Three (3) years (eleven [11] academic quarters) — based on full-time enrollment including two summer externships


SWCL 604A. Integrative Seminar: Academic Practice. 1 Unit.

The first of three seminars focusing on the art and science of social work education, developing a teaching philosophy, instructional teaching methodologies, grading, educational ethics, and student assessment.
Cross-listing: SPOL 604A.

SWCL 604B. Integrative Seminar: Academic Practice. 1 Unit.

The second of three seminars on careers in social work education. Focuses on course subject and curriculum development and participating in social work accreditation.
Cross-listing: SPOL 604B.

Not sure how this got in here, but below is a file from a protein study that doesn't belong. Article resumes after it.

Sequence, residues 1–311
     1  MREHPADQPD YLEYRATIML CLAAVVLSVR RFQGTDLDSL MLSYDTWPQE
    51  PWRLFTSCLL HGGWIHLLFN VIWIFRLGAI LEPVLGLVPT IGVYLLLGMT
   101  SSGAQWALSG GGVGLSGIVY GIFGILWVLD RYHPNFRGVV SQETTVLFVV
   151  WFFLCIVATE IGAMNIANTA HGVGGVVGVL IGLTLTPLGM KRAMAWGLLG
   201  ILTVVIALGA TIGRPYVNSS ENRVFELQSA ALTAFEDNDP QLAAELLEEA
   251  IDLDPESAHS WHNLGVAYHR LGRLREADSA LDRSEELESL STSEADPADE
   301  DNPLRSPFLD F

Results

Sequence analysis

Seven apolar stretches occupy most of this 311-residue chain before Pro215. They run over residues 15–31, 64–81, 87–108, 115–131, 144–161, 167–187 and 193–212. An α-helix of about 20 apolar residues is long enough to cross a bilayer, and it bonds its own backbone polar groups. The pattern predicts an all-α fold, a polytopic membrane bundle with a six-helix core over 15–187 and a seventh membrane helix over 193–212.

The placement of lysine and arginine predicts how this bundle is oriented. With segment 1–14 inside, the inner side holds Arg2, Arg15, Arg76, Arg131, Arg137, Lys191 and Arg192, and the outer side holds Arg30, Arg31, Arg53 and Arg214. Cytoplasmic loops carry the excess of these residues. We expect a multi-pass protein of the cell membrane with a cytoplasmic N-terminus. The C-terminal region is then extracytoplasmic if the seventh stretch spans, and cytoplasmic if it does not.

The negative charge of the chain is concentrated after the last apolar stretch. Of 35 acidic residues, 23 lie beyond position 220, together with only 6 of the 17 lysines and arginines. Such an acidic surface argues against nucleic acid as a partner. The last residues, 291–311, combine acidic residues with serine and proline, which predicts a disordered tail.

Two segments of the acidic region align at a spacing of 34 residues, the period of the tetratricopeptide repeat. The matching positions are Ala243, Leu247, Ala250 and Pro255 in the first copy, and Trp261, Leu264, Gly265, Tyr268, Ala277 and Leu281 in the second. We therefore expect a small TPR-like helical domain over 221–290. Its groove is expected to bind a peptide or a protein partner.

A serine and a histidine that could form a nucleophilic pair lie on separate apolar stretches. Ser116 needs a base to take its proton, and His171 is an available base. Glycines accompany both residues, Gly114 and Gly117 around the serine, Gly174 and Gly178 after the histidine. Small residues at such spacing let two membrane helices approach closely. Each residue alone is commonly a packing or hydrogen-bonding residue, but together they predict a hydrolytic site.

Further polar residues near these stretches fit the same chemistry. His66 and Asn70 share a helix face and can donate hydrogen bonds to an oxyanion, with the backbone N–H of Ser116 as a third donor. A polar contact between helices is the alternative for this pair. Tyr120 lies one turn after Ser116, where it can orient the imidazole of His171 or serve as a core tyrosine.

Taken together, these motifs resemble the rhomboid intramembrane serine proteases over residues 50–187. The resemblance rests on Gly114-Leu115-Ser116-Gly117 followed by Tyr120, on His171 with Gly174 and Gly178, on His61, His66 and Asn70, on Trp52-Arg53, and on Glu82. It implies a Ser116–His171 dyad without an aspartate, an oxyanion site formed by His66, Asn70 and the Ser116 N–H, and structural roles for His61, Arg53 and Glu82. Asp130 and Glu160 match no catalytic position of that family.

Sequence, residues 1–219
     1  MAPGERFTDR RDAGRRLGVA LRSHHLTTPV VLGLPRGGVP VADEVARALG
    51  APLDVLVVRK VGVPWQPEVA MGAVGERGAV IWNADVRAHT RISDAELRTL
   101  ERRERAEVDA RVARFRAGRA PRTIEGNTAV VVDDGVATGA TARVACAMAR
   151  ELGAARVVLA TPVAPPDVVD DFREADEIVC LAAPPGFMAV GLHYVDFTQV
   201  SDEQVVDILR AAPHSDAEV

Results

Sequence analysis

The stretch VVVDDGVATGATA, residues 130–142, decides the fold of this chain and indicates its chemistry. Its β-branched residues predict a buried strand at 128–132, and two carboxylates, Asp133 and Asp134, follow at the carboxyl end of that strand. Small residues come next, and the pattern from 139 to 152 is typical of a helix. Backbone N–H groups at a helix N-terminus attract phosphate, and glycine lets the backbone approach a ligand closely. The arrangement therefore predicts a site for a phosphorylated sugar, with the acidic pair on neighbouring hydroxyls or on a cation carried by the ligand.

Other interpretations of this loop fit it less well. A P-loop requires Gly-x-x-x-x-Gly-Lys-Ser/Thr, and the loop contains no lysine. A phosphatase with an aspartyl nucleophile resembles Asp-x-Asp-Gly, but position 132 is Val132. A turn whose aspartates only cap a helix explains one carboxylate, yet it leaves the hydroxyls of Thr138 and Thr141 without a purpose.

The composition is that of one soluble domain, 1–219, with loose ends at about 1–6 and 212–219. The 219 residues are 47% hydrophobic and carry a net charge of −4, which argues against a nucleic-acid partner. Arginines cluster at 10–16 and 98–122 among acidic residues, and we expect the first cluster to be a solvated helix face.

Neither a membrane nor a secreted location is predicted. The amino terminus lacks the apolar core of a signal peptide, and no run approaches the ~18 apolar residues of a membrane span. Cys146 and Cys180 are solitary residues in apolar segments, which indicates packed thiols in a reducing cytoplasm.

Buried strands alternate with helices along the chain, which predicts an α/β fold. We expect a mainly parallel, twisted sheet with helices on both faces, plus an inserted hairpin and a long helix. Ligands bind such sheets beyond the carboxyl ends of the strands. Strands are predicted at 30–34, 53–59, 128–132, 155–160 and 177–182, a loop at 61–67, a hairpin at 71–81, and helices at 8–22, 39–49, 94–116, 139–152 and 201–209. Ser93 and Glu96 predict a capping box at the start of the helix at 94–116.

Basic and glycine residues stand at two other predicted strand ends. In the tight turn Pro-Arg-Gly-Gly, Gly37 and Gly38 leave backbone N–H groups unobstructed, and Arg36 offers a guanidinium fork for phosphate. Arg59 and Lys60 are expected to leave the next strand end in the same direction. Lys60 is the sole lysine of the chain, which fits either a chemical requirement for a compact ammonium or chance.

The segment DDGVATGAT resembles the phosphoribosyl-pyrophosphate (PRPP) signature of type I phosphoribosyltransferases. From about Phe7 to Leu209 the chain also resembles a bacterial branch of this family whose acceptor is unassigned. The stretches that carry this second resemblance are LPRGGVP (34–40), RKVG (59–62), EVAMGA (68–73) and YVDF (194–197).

SWCL 604C. Integrative Seminar: Academic Practice. 1 Unit.

Third of three seminars on careers in social work education. Examines preparation for career opportunities in social work education, and role of faculty in institutional, school, and program engagement and governance. Discusses scholarship expectations, student advising, and mentoring. Guidance on applying and interviewing for positions.
Cross-listing: SPOL 604C.

SWCL 605. Digital Design: Curriculum and Course Development. 2 Units.

Digital education pedagogy and assessment for designing and implementing effective clinical social work curriculum and courses. Techniques for leading discussions, constructing successful group assignments, and dealing with difficult subjects addressed.

SWCL 615. Comparative Social Work Practice, Evidence-based Practice and Social Justice. 3 Units.

Comparative approach to examining philosophical and historical practice perspectives to address social justice and ecological well-being. Examination of evidence-based, research-informed and promising practices.

SWCL 620. Clinical Interventions I: Advanced Theories and Cognitive Behavioral Therapy Interventions. 3 Units.